South Korean exports rose at a much faster-than-expected pace in April, surging for a sixth straight month helped by robust demand for high-tech memory chips, adding confirmation to perceptions of broad recovery in the global economy.
South Korean exports rose at a much faster-than-expected pace in April, surging for a sixth straight month helped by robust demand for high-tech memory chips, adding confirmation to perceptions of broad recovery in the global economy. Investors will hone in on the breakdowns by export destination due later in the day, as South Korean exports face renegotiation of a free trade deal with the United States. U.S. President Donald Trump said last week he was seeking to change the deal or scrap it entirely.
Preliminary data showed April’s exports soared 24.2 percent from a year earlier to $51.01 billion, while imports also surged 16.6 percent to $37.75 billion, the Ministry of Trade, Industry and Energy said. This produced a $13.25 billion trade surplus, jumping sharply from the $6.27 billion surplus in March.
With the general downturn in the shipbuilding industry, every ship delivery results in spikes in data, but even without the ship deliveries, exports would still have risen 16.8 percent on-year in April, the trade ministry said. “It will be difficult for exports to maintain growth in the 20-percent range, we’ll likely see growth slow a bit in the second half of the year as the base effects subside from crude oil products which drove export growth in the first quarter,” said Park Sang-hyun, chief economist at HI Investment & Securities.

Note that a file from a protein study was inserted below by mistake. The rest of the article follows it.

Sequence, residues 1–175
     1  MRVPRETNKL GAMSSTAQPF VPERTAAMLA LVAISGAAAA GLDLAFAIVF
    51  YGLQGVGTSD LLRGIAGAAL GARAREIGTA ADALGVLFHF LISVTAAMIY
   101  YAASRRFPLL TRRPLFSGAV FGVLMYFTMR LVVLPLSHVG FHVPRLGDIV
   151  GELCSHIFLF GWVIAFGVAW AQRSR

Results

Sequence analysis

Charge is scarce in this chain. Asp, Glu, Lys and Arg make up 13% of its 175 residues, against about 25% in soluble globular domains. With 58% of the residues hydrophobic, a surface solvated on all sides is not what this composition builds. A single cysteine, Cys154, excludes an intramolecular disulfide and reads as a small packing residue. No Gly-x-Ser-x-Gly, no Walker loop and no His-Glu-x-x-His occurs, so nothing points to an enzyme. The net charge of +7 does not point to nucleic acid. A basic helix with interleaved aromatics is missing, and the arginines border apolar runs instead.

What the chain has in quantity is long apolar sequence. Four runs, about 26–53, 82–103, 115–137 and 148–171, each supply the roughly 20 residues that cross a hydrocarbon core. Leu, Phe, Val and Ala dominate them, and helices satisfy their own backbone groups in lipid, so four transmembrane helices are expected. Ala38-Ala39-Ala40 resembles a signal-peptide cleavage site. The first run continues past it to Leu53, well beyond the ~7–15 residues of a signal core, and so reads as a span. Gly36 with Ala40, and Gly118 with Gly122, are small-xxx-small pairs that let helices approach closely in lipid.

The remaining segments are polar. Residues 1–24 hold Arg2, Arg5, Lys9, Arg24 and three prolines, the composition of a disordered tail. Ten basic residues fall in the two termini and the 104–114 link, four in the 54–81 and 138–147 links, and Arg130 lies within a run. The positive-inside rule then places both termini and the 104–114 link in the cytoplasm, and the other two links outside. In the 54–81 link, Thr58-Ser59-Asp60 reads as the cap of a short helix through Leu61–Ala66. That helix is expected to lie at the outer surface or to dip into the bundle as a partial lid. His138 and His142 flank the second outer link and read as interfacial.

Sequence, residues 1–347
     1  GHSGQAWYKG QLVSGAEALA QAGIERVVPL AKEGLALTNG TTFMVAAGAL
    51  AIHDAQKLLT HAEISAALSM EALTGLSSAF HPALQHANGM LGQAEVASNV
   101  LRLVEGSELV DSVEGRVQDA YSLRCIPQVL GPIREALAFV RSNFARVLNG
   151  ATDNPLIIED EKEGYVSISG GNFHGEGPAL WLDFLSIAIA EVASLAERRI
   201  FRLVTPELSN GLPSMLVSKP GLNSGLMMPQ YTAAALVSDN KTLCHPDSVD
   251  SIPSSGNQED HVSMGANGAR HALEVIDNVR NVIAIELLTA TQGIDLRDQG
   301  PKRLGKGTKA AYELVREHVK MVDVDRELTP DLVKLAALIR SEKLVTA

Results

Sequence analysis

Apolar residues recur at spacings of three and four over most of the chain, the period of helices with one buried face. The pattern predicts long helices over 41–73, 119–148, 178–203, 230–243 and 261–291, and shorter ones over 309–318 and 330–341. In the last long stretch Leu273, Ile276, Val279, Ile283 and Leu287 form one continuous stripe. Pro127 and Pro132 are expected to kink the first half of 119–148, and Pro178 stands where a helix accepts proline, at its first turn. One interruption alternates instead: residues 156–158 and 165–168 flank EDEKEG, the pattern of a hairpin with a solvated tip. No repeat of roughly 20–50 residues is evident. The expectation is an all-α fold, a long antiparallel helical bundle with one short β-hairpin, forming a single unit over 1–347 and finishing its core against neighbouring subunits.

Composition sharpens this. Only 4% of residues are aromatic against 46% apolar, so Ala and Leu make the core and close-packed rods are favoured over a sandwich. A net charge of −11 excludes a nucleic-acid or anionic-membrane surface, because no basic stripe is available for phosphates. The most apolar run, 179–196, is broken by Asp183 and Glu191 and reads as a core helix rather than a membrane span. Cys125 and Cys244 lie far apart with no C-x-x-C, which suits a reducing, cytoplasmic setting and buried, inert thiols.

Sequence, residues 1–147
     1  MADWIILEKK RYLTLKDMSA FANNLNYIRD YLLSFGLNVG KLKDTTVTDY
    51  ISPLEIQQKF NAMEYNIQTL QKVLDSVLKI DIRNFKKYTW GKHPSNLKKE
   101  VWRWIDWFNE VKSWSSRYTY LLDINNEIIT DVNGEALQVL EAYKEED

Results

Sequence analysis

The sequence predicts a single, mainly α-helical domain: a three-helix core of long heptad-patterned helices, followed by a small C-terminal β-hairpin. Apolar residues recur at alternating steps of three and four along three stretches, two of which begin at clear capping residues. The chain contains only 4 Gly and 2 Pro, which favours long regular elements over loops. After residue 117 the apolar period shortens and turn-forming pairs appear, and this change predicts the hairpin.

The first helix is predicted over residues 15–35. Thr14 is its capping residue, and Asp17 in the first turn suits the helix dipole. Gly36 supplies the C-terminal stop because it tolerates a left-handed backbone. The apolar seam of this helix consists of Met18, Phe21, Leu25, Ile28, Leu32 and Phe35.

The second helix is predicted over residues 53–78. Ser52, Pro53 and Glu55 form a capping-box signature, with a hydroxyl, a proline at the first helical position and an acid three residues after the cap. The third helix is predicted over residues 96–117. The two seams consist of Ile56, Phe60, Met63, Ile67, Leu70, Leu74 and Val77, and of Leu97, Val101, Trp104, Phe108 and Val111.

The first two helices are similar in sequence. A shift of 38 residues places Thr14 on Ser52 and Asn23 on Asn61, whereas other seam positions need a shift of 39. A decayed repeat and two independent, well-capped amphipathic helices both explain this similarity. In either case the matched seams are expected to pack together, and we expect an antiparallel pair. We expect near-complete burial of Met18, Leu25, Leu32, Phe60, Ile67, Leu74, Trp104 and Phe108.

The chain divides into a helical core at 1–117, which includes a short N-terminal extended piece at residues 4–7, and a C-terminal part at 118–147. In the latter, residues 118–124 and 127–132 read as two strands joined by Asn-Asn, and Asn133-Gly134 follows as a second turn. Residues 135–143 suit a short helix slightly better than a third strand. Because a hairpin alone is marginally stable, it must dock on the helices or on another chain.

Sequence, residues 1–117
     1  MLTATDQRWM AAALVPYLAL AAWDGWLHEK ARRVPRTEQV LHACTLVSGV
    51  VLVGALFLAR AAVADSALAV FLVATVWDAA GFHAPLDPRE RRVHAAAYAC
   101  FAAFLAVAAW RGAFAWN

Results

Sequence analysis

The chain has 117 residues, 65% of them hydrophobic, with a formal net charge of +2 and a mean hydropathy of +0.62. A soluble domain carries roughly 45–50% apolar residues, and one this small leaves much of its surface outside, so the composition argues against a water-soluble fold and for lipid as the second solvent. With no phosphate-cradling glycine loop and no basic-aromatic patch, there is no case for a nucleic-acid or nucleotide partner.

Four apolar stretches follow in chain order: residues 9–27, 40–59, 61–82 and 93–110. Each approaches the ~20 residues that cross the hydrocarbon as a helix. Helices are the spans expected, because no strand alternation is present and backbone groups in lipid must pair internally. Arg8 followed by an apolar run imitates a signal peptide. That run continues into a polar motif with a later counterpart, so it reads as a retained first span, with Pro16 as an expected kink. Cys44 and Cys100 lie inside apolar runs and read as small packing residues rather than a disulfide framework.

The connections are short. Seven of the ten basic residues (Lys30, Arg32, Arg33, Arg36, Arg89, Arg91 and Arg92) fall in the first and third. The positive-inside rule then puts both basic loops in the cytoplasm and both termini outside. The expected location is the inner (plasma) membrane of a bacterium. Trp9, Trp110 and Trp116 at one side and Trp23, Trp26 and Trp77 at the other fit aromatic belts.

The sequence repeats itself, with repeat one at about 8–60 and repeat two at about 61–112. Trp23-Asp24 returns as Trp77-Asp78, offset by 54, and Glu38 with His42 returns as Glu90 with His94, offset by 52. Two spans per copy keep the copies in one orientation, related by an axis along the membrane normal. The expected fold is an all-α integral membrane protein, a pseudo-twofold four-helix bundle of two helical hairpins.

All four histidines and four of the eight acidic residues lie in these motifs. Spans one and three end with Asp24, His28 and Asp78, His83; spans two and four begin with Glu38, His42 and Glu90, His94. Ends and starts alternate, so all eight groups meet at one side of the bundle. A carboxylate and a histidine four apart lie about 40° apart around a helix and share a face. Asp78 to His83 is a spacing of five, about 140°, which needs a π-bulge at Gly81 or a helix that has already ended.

South Korean financial markets are closed on Monday for a public holiday. South Korean Finance Minister Yoo Il-ho said on Sunday that Seoul was gearing up for trade negotiations, although it had not yet received official requests for talks from Washington. The trade ministry said exports to nearly all key customers rose in April with the exception of the Middle East. Shipments to China, it said, rose 10.2 percent in April on-year. The average export value per working day was $2.27 billion in April, compared to $2.04 billion in March, according to Reuters calculations.
Exports have been gaining since November last year, bolstering economic growth in the first quarter. Central bank data last week showed first-quarter gross domestic product growth was a faster-than-expected 0.9 percent, the quickest in three quarters. Last week, the trade ministry upgraded its export outlook for the year to between 6 and 7 percent growth from 2.9 percent seen previously.